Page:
Kenya Still 'Urgently' in Need Despite Return of Rains

Though weather officials in Kenya expect this season's rainfall not to fail as it has the past three years, those working to provide relief in the country are reminding the global community that millions of hungry people still need food aid.

Furthermore, the heavier rainfall may actually do more harm than good.

"[T]he rains are predicted to be heavier than usual because of the El Nino weather phenomenon. This will only serve to increase food insecurity by destroying topsoil and causing possible displacement of communities," reported Fergus Conmee, head of the Catholic Agency for Overseas Development (CAFOD)'s Humanitarian Programs for Africa.

The rains could also bring a host of health problems including cholera, diarrhea and other diseases spread through dirty water usage as people struggle to survive the extreme conditions they find themselves in.

"We can ill-afford not to act now," Conmee added.

Currently, nearly 3.8 million people in Kenya face chronic food and water shortages following three consecutive years of failed rains. The drought has led to crop failure, deaths of herd animals and widespread hunger.

"The droughts are so frequent and so severe now that communities are lurching from one crisis to the next, without any time to recover," Conmee reported.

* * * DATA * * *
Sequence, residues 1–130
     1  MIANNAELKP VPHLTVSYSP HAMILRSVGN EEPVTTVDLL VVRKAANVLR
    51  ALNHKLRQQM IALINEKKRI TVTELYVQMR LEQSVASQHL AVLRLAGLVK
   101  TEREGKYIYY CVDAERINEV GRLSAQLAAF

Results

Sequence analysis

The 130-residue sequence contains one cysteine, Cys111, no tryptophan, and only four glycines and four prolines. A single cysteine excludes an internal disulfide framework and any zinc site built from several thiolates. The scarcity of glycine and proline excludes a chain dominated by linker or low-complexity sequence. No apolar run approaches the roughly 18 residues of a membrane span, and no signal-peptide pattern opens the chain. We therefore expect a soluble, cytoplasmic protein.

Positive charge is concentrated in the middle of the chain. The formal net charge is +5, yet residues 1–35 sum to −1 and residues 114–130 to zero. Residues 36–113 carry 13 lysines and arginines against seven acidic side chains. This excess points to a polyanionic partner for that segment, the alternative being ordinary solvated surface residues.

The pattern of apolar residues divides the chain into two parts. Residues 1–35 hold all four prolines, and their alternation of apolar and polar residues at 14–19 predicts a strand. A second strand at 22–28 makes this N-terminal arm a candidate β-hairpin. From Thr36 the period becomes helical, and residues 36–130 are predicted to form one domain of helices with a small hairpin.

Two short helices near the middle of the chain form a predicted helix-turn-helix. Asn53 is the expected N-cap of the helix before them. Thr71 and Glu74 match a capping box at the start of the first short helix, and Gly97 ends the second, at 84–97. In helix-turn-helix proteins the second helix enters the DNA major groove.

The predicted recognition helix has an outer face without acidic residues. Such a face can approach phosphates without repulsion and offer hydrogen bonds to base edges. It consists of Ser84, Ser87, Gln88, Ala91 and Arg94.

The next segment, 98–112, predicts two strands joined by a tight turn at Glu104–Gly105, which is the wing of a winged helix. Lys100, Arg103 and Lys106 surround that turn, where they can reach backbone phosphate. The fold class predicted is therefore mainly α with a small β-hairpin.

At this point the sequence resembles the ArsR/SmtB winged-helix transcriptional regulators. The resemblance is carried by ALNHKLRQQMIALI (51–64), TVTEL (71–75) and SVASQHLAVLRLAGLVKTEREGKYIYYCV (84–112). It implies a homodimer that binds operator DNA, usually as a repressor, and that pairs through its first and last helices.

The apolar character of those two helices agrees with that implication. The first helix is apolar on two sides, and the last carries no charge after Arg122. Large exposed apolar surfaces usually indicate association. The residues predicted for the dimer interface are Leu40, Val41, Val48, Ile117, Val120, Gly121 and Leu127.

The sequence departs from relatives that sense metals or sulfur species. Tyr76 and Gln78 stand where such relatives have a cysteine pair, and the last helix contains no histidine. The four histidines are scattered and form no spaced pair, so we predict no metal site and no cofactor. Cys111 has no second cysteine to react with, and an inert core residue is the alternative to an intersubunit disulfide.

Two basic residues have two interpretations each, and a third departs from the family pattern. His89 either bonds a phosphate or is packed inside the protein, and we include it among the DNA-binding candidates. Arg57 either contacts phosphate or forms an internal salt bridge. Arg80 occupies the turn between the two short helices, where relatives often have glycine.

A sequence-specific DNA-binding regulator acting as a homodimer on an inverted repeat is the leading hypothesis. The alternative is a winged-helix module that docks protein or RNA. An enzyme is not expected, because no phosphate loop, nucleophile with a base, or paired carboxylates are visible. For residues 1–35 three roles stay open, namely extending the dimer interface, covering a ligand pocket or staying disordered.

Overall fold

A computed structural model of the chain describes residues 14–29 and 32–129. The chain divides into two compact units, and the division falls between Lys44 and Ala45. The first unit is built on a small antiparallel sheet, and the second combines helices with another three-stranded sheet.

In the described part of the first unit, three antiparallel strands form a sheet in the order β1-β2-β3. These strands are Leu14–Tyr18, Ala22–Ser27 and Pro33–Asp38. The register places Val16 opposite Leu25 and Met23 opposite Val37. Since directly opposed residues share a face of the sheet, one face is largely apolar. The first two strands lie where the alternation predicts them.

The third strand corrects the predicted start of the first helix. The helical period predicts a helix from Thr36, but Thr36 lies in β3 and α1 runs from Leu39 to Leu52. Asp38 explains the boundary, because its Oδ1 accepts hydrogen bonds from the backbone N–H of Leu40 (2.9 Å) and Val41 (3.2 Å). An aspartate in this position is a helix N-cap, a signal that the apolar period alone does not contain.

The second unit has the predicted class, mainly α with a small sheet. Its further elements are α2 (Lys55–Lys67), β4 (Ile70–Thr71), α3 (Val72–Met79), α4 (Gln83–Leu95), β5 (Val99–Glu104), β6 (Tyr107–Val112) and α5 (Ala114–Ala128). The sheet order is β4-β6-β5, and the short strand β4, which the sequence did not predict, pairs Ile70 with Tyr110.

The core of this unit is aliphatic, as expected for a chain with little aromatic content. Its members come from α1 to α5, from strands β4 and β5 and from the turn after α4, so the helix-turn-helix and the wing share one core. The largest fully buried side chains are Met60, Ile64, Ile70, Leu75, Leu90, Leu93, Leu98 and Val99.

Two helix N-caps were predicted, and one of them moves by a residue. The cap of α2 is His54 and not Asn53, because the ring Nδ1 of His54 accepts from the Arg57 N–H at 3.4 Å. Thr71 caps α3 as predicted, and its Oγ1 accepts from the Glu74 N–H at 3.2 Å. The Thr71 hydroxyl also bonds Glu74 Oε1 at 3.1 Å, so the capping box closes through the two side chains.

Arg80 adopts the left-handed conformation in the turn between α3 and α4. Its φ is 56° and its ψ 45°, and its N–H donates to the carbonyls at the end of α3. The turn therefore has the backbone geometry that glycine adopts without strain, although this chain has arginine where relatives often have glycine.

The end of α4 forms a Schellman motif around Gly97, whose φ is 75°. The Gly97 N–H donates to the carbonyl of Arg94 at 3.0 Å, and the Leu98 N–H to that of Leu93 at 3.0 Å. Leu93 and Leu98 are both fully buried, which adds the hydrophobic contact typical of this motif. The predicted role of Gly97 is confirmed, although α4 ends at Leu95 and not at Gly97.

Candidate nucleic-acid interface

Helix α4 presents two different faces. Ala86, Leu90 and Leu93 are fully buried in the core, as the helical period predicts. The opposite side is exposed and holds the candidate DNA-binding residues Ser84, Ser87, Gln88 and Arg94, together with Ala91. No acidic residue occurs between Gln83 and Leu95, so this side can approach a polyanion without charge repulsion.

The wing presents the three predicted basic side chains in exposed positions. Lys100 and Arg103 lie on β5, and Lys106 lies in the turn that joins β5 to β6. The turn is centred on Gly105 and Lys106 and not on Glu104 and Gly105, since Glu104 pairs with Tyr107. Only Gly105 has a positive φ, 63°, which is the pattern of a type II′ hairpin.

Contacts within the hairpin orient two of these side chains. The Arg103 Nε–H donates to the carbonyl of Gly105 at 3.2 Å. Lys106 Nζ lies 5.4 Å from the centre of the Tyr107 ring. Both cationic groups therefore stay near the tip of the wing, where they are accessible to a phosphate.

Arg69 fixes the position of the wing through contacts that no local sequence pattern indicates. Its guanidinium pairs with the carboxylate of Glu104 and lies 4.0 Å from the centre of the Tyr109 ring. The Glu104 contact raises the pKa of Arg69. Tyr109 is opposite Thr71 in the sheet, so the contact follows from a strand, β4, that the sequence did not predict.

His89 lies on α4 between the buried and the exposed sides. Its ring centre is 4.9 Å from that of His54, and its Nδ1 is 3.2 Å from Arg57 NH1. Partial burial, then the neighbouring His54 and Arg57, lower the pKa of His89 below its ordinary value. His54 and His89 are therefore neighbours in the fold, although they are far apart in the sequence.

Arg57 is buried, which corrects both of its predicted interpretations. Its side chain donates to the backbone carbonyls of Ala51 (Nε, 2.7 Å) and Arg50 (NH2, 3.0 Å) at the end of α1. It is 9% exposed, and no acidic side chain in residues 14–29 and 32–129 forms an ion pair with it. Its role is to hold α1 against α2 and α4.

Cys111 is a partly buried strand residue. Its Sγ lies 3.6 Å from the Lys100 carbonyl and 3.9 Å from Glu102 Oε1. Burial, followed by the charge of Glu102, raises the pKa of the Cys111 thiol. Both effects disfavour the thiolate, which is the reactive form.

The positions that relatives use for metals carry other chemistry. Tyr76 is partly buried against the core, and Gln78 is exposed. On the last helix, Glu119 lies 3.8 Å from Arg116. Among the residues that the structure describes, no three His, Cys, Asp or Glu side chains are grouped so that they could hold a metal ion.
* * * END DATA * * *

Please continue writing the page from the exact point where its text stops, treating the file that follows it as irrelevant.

Though the Kenyan Government and the U.N. World Food Program (WFP) are providing some food aid to some 4.4 million Kenyans, CAFOD reported that it is not enough to meet local needs.

The U.K.-based agency has pledged half a million pounds ($815,000) to save lives in many parts of East Africa. It is also seeking to raise at least one million pounds ($1.63 million) more to support the vulnerable people's immediate needs for food and water as well as enhance communities' longer-term recovery and resilience to future droughts.

"[I]nitiatives such as early warning systems, growing drought resistant crops, practicing sustainable land use, and knowing when to sell livestock in preparation for a drought all contribute to community preparedness," explained CAFOD's Disaster Risk Reduction (DDR) adviser, Jessica Mercer.

"This is a slow and gradual process which builds the resilience of communities to future droughts, with the ultimate aim of reducing the need for humanitarian assistance," she added.

Aside from the people of Kenya, money raised from CAFOD's appeal will also be used to support communities affected by drought in neighboring countries.

In Eritrea, CAFOD is feeding young malnourished children and new mothers. In north-eastern Uganda, the agency is providing food under a food-for-work scheme, which is building water points, and providing extra food for the vulnerable.

On the Web:

www.cafod.org.uk/kenyacrisisappeal